CMS ANNOUNCES FY 2006 RATE INCREASES FOR INPATIENT STAYS IN ACUTE CARE HOSPITALS
Acute care hospitals that report selected quality data will receive a 3.7 percent increase in payment rates for inpatient services under a final rule issued today by the Centers for Medicare & Medicaid Services (CMS). This increase is 0.5 percentage points above the market basket projected in the proposed rule published last May. Aggregate payments to Inpatient Prospective Payment System (IPPS) hospitals in fiscal year (FY) 2006 are expected to increase by $3.3 billion over 2005.
The final rule also reduces the outlier threshold to $23,600 in 2006 from $25,800 in 2005. The outlier threshold is used to determine how much a hospital’s costs for a particular case must exceed the DRG payment, before extra payments will be made for the case. As a result of the lower threshold, it will be easier for hospitals to qualify for additional payments in 2006.
The final rule also includes important changes to the Diagnosis Related Groups (DRGs) which serve as the basis for the payment rates under IPPS, particularly improvements in accuracy of cardiac DRGs; revision of the postacute care transfer policy; changes to provisions affecting Critical Access Hospitals (CAHs); and revised policies for direct and indirect graduate medical education (GME). The final rule also revises the payments for long term care hospitals, which are paid under a separate prospective payment methodology.
Only those hospitals that are participating in Medicare’s quality reporting initiative will receive the full 3.7 percent increase. As required by the Medicare Prescription Drug, Improvement, and Modernization Act of 2003 (Medicare Modernization Act or MMA), hospitals that do not submit quality information will receive an update that is 0.4 percentage points lower, or 3.3 percent. However, CMS expects that, as in 2005, the overwhelming majority of acute care hospitals will participate in the quality reporting program in 2006.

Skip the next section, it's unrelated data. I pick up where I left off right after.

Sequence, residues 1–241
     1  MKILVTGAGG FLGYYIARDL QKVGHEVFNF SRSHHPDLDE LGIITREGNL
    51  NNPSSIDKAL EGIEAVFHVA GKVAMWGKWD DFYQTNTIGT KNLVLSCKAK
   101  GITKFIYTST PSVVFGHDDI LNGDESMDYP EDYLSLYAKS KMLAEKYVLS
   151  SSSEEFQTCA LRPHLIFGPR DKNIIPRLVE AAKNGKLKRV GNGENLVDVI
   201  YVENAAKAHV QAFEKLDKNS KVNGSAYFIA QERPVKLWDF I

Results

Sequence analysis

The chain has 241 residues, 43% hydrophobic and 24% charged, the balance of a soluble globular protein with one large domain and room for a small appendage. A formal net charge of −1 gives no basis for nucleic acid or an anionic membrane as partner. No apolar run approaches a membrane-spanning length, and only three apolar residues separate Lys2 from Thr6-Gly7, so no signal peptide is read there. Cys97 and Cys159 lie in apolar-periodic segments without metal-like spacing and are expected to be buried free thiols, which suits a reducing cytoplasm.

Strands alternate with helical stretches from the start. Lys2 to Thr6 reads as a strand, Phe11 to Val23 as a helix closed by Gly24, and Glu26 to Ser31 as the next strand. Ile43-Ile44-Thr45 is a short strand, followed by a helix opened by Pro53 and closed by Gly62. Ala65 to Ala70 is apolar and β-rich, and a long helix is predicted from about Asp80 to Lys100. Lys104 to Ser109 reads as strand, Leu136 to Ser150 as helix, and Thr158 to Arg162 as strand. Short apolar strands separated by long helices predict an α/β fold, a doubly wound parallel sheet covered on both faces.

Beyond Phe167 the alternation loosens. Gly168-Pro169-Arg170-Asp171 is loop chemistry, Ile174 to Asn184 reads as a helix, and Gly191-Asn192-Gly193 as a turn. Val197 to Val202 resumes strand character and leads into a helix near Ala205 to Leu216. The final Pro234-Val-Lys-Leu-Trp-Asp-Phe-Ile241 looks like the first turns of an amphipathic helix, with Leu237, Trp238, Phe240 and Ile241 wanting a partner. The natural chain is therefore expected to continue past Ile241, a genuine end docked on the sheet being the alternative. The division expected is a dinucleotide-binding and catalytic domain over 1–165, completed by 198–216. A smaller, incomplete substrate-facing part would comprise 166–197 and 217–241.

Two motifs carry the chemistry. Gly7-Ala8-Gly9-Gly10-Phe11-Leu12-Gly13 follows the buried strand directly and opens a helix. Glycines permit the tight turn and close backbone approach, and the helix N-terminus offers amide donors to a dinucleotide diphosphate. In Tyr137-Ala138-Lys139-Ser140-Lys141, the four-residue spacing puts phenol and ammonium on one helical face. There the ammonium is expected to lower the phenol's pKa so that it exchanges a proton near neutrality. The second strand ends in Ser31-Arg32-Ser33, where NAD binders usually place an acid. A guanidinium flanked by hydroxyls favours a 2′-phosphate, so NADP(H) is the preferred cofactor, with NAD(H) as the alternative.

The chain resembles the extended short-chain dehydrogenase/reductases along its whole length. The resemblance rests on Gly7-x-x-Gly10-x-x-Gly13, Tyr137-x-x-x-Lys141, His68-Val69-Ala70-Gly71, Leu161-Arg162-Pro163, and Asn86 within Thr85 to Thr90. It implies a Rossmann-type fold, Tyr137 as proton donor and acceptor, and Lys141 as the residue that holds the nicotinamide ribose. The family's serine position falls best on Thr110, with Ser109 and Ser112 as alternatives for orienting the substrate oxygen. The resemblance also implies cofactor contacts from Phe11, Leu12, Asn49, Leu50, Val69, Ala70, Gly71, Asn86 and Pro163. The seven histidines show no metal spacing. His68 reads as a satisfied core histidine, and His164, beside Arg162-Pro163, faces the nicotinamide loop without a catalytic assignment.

The final rule enhances the voluntary quality reporting program by including requirements that improve the accuracy of the reported data. In order to receive the full payment for FY 2006, hospitals must correctly abstract and report clinical data on 10 quality measures relating to the treatment of heart attack, heart failure and pneumonia cases for two consecutive calendar quarters. CMS has reviewed the hospitals’ data submissions and determined that nearly all hospitals were able to meet the quality standards that are being adopted in this final rule. Many hospitals are now reporting 17 quality measures for these three conditions. Medicare is working with the private-public Hospital Quality Alliance on additional measures related to patient satisfaction and outcomes of care that could be added in the coming year.